To get started you will need lots of small, easy to eat treats that your pup loves. You will also need a soft surface, such as a rug, carpeting, a mat, or grass, to practice this on. Your dog will need to know the 'down' command, and you will need patience, gentleness, persistence, a positive attitude, and good timing. If you are using 'The Flip Method', then your dog will also need to be completely comfortable with being moved and touched, and you will need enough strength and dexterity to be able to gently move him onto his back. If you are using 'The Capture Method', then you will also need a treat pouch or a small Ziploc bag to place your treats into and to attach to yourself or place into your pocket. You will also need attentiveness, to notice when your dog is lying on his back.
The Lure Method
To begin, tell your dog "Down". When he is lying down, tell him "Play dead", and hold a treat to the front of his nose and slowly move the treat from the front of him toward his right shoulder. When he swings his hips out to the right while in the 'down' position, praise him and give him the treat.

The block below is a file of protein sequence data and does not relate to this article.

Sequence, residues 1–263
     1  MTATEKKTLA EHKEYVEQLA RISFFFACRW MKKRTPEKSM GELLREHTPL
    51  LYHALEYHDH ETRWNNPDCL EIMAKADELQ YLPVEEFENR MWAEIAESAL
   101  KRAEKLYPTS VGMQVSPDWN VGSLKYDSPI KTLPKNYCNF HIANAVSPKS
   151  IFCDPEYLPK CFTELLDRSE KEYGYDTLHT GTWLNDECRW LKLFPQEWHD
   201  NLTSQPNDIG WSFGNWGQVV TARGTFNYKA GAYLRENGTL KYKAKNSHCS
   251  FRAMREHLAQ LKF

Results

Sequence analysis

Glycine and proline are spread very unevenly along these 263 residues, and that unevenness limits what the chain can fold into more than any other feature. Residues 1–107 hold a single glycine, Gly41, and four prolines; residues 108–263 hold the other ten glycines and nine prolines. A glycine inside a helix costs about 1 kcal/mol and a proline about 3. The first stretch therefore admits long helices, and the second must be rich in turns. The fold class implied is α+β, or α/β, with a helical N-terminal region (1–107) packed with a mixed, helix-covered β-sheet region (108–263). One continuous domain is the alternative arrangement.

Lure onto side
After your dog's hips and legs are swung out to his right, so that he is laying on his side just a bit, then grab another treat and move that treat slowly from the front of your dog's nose toward the right side of his chest, and tell him "Play dead". When he lies on his left side while following the treat, praise him and give him the treat. If your pup gets up at any point or moves out of the position, then simply repeat luring him into the correct position with a treat.